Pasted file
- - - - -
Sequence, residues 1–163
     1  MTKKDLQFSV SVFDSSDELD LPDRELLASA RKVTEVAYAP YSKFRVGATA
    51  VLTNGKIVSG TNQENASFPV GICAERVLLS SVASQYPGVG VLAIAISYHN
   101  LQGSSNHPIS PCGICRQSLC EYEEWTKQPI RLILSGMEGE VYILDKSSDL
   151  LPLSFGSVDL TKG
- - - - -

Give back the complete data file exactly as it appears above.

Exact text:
Sequence, residues 1–163
     1  MTKKDLQFSV SVFDSSDELD LPDRELLASA RKVTEVAYAP YSKFRVGATA
    51  VLTNGKIVSG TNQENASFPV GICAERVLLS SVASQYPGVG VLAIAISYHN
   101  LQGSSNHPIS PCGICRQSLC EYEEWTKQPI RLILSGMEGE VYILDKSSDL
   151  LPLSFGSVDL TKG